Proposed changes will allow EU judges to use secret intelligence as evidence and protect sanctions from legal challenge.
The courts of the European Union are usually seen as protectors of fundamental rights and guardians against the abuse of power in the global war against terror. But there is another process unfolding that is taking the EU courts in a rather different and more troubling direction.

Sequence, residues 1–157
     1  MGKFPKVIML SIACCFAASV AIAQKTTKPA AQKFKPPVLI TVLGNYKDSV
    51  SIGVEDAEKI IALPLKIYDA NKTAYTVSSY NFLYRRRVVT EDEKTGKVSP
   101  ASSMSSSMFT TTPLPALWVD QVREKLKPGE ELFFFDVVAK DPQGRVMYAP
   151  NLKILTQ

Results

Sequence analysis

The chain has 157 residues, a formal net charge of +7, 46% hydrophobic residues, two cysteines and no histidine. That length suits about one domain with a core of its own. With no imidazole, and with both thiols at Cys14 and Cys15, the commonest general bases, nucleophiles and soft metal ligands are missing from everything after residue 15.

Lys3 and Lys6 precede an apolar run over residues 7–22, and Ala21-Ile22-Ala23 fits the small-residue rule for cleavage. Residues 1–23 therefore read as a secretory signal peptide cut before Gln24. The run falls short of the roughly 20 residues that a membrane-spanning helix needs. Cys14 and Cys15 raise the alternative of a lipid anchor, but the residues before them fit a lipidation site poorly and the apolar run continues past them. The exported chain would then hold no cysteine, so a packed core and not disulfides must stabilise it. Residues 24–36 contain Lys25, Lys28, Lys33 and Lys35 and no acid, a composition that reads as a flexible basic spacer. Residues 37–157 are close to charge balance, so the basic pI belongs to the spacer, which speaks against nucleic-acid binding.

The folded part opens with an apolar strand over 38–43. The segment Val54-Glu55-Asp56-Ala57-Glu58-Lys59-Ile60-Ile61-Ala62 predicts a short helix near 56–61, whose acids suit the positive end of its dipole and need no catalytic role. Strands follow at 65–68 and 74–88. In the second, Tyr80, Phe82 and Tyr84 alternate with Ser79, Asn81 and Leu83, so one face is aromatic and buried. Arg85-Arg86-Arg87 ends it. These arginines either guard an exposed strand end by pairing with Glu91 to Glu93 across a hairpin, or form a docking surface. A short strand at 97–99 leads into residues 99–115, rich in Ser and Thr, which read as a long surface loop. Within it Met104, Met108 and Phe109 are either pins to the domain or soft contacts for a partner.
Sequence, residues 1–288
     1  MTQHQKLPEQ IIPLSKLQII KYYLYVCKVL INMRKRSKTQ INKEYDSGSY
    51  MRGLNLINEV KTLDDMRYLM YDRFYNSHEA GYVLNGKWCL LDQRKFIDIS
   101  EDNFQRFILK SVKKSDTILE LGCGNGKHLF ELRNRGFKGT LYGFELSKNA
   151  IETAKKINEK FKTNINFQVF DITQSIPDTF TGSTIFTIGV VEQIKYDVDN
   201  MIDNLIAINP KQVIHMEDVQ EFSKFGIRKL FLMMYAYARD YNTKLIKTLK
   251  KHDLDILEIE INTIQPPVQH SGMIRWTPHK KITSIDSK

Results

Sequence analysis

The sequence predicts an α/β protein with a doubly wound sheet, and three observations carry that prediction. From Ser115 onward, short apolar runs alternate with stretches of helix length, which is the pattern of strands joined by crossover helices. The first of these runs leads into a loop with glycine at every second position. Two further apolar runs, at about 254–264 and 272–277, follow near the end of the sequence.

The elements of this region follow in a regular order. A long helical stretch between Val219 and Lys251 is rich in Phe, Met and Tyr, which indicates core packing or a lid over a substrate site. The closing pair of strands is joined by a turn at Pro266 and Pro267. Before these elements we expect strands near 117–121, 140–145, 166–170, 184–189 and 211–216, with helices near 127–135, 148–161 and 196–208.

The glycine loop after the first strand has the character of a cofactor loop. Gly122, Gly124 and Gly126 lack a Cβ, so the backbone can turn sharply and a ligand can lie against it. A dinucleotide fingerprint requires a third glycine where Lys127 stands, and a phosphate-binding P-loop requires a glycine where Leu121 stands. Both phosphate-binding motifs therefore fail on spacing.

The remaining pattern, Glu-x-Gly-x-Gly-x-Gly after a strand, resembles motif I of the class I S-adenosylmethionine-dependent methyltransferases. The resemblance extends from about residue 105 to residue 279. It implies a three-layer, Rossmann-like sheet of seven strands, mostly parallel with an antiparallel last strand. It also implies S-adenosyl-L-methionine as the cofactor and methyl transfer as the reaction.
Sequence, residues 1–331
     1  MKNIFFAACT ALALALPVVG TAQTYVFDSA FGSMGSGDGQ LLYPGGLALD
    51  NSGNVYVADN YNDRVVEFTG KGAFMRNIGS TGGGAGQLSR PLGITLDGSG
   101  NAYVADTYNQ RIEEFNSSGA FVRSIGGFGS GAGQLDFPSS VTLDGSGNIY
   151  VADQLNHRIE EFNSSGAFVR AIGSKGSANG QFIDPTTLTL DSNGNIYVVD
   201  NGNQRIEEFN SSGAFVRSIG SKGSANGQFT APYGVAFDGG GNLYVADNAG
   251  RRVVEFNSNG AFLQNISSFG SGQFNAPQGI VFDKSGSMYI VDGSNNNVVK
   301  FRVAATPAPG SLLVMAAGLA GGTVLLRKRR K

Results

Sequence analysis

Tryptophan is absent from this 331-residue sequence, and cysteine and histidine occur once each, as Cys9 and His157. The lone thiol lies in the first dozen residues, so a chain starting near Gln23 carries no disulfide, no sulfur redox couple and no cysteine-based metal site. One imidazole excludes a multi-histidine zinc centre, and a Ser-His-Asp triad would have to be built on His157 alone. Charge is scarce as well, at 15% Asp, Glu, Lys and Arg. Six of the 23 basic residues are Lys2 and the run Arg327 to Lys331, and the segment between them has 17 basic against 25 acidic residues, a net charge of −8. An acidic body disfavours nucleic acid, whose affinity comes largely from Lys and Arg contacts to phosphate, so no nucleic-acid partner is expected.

In March it was revealed that the European General Court (EGC) is seeking to rewrite its own rules to allow the use of intelligence as evidence in legal proceedings. While the executive and judiciary will be able to see secret material, people targeted by intelligence who bring legal challenges will not.